I was determined to witness the moment when Joe Biden overtook the Orange Thug in Pennsylvania. I plopped down on the sofa in the living room under the illusion that this might happen at 2AM (which is about the time I usually go to sleep). I didn’t want to watch TV nonstop, so I thought I’d knock off another play in my ongoing tromp through American dramatic writing of the past.
As it happened, the next play on my plate was Maxwell Anderson’s Both Your Houses. Never heard of it? It won the Pulitzer Prize for drama in 1933. You’ve probably heard of Maxwell Anderson, though, right? The guy who wrote some of those attempts at verse plays about English royalty. Sounds like a lot of fun, right?
Well, Both Your Houses is a surprising work. Not a verse play. It is about an idealistic young Congressman named Alan McLean who comes to Washington DC and discovers, to his dismay, that much of the business of government is based in corruption and payoffs to people who only occasionally think of their responsibility to the people. He decides to fight the corruption around one particular bill, and, though he has his innings, he finds the system is designed to frustrate reform.
I’m guessing this sounds familiar. Mr. Smith Goes to Washington, right? Both Your Houses, as I say, dates from 1933. Mr. Smith, the classic Frank Capra film starring Jimmy Stewart, from 1939. My friend, the film historian Joseph McBride, who wrote the definitive biography of Frank Capra, tells me that this is not accidental. Mr. Smith is an unacknowledged adaptation of Both Your Houses. Columbia Pictures bought the film rights to Anderson’s play but gave no credit to Anderson in the credits. The screenplay is credited to Sidney Buchman and the story to Lewis R. Foster. No mention of the Pulitzer Prize-winning play that preceded it. Kinda stinks.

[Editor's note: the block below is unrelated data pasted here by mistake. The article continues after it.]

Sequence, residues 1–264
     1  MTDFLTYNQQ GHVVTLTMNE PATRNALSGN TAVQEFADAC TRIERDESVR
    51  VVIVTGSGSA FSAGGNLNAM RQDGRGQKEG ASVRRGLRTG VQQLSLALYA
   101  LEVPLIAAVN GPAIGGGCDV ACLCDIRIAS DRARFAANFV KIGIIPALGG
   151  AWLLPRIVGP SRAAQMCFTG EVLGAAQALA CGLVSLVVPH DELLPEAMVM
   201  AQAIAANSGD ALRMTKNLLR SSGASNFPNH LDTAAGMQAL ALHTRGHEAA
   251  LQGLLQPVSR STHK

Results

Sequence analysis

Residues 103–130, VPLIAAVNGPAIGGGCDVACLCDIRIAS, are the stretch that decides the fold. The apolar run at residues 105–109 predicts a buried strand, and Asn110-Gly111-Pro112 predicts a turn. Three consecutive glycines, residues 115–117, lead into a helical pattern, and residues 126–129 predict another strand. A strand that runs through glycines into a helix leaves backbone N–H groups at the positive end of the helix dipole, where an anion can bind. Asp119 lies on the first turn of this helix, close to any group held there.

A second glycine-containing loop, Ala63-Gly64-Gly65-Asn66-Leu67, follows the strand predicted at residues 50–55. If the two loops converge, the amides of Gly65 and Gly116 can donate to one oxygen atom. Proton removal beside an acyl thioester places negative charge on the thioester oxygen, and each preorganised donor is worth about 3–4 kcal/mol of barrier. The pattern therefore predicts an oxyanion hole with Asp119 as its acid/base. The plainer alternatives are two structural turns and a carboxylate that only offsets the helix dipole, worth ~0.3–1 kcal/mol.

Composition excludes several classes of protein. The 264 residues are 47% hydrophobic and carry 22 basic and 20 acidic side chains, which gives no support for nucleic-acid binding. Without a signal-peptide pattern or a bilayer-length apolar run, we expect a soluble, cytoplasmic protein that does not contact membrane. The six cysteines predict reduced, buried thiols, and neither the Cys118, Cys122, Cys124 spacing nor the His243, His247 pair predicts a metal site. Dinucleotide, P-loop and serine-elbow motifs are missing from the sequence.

But, to be fair, Buchman and Capra added stuff that wasn’t in Both Your Houses, particularly the relationship between Jimmy Stewart and Jean Arthur. Both Your Houses is sharp and rigorous, but as I read it I had no emotional investment in anybody’s relationship. Alan McLean was indeed the hero, but he was also a charmless pain-in-the-ass. I was on his side because he was right, not because I had any particular affection of him as a character. (His sidekick, a woman nicknamed Bus, was a lot more fun, but there’s no romance there.) Both Your Houses is admirable and surprisingly cynical, but …
But Mr. Smith grabs you emotionally and doesn’t let you go. The developing love story is deeply affecting, and the sight of Jimmy Stewart fighting to the point of exhaustion on the Senate floor is one of the great images in film history.
Contemporary audiences tend to think of Mr. Smith as a rah-rah patriotic film, but in fact it offended a lot of Washington when it premiered. Even Capra-sized, the view of casual corruption in the legislature was pretty strong stuff. It took for the film to reach a general public to be embraced and loved.
Anyway, I alternated between reading Both Your Houses and checking out the TV. And grabbing the odd nap. And then it was nearly 5AM and the Pennsylvania drama wasn’t finished. At this point, I decided to haul my weary tail to bed. I woke up at about 11AM to find that the moment I hoped to witness happened about two hours earlier.
The news that our contemporary Jimmy Stewart has prevailed against the most corrupt, vicious asshole in presidential politics (beating even Richard Nixon for the title of chief villain among presidents) … Yeah, I know Stewart was a conservative, but he was also a genuine hero and had integrity, and I think he’d be better casting for Biden than Carrey.
Oh God, I get to hope realistically for this country for the first time in years.